University fees holding down rate of inflation
Northern Ireland could be partially cushioned from a shock jump in the UK's annual inflation rate because of lower university fees, experts have predicted.
The bigger than expected leap in the Consumer Prices Index (CPI) to 2.7% came just a month after inflation fell back to a near three-year low of 2.2% in September.
A near trebling in British university tuition fees and a hike in food prices were blamed for the increase, which was the biggest month-on-month jump in a year.
The Office for National Statistics (ONS) said the biggest factor pushing up CPI was the Government's widely protested move to lift the tuition fees cap to £9,000 from £3,375 a year ago, which saw education costs rise by 19.1% last month - the largest increase since records began.
Northern Bank chief economist Angela McGowan said that, on average, prices continue to climb but households with student fees to pay will be feeling the strain more than most.
"Between September and October 2012, UK education prices rose 19.1% compared to a rise of only 2.7% in the same two months last year," she said.
"The maximum undergraduate fee in the UK is £9,000 but as fees in Northern Ireland are capped at a rate which is almost two thirds less than this, the local economy should be feeling less pressure from this latest rise in the headline inflation figure.
"In the months ahead, it is expected that inflation levels will feel the strain from rising energy costs. However, that upward pressure could be offset by weak demand should economic growth in the UK lose momentum."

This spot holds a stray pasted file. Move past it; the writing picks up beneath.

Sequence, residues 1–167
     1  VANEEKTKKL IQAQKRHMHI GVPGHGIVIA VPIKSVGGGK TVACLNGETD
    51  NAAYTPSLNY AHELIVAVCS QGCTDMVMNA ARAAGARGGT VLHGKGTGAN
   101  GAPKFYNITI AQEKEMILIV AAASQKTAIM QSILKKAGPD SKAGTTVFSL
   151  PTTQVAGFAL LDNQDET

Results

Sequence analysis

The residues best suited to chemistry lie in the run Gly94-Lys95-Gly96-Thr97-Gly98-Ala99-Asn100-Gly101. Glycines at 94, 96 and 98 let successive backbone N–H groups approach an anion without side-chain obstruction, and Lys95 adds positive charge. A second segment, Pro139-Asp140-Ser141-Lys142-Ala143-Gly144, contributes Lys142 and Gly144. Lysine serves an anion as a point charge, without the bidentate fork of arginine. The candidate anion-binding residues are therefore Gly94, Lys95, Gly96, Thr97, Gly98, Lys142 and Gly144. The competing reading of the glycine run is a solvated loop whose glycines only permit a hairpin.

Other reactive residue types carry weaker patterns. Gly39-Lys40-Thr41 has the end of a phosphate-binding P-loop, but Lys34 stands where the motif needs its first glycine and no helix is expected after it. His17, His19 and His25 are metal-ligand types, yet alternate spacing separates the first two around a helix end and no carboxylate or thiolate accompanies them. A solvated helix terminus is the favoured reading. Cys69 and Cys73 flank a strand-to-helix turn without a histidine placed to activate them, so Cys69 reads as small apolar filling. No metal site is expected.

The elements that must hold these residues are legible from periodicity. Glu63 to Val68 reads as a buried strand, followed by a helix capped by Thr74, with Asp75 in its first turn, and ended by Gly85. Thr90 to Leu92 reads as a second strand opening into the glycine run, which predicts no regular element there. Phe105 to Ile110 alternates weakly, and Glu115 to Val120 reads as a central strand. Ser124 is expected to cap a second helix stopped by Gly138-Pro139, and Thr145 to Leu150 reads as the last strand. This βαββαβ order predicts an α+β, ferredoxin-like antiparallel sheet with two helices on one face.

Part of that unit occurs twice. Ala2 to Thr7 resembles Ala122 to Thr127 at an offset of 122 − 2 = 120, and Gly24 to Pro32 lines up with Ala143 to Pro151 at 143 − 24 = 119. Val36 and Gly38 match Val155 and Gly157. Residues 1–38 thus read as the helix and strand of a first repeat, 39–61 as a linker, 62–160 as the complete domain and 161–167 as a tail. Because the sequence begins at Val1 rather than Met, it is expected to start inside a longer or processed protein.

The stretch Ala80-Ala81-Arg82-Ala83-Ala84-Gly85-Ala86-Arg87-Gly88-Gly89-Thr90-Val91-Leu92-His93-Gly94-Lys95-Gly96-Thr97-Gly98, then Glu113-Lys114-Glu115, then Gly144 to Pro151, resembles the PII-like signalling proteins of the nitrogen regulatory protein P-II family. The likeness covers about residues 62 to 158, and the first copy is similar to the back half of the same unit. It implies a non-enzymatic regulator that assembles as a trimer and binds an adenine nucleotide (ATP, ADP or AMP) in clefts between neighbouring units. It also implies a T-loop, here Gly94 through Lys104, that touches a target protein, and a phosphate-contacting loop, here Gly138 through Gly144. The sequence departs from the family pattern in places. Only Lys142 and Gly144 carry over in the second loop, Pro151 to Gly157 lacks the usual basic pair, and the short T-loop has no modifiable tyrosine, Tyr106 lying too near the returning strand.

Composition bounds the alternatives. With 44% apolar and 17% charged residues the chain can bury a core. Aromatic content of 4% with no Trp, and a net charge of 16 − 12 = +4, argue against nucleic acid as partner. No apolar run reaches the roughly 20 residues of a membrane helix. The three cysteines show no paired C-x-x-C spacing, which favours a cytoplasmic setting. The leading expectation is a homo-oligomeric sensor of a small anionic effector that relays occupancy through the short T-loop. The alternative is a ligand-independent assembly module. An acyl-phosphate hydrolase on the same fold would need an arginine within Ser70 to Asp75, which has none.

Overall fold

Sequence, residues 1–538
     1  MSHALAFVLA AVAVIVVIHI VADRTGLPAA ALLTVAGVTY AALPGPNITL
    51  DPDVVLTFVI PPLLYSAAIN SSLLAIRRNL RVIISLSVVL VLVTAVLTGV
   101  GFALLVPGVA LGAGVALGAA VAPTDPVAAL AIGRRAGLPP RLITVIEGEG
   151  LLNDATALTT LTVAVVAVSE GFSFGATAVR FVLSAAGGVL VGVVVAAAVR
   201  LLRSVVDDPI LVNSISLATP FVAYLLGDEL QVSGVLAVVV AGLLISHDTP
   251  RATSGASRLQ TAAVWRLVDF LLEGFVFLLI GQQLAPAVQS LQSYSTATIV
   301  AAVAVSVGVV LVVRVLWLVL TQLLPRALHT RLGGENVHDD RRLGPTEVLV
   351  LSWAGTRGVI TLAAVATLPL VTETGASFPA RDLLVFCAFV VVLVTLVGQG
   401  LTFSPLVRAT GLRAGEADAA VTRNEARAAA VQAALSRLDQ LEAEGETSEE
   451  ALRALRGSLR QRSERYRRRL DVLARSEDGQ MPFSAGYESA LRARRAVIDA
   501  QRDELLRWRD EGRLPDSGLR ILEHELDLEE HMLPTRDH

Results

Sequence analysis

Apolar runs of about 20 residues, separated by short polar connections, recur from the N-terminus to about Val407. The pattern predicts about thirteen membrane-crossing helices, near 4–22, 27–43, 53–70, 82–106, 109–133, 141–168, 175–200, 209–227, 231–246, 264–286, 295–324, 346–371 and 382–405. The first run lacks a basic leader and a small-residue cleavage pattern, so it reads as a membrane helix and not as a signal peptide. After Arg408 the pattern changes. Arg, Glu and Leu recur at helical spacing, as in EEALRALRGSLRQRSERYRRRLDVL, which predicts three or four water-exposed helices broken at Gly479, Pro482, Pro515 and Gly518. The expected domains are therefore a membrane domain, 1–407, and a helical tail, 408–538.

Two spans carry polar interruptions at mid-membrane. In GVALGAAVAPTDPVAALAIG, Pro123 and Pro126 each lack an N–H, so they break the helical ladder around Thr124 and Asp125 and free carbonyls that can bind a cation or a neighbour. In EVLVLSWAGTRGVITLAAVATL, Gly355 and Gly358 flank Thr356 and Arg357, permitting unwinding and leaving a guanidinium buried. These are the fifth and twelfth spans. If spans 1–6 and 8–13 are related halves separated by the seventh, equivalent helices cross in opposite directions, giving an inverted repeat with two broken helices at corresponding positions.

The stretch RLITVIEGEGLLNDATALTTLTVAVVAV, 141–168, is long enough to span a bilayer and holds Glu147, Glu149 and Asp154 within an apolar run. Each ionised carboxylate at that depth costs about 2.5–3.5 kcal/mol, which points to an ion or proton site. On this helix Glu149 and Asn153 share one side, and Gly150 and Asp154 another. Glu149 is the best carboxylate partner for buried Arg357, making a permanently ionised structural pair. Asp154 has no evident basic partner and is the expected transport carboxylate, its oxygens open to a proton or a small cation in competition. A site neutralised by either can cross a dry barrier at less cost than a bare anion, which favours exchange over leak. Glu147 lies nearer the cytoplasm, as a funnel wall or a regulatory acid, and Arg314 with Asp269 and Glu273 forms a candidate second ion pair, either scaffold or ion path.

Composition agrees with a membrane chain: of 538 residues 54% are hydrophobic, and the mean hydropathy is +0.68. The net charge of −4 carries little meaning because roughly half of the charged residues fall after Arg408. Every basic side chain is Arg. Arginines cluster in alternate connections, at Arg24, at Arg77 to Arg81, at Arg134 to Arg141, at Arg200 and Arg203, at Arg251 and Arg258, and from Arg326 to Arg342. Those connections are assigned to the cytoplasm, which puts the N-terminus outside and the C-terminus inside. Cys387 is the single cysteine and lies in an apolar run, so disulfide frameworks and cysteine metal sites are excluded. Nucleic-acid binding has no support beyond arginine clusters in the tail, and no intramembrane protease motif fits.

Dr Esmond Birnie, chief economist for PricewaterhouseCooper in Northern Ireland, said that the increase reflects the impact of some temporary factors such as planned utility price increases - mainly in GB - the impact of global commodity food price rises earlier in the year and that stellar hike in university tuition fees.
"Not all of these factors will impact directly on Northern Ireland and some may impact to a lesser degree in other regions," he said.
"The continued weakness of UK economic activity may bring inflation down over time and it is worth remembering that, despite October's disappointing increase, inflation is still close to half the peak of a year ago," said Dr Birnie.
Sharp increases in the cost of food were also behind the rise after this summer's record wet weather left the UK with its worst potato and carrot harvest in living memory, the ONS said.
Between Sept and Oct 2012 UK education prices rose by this amount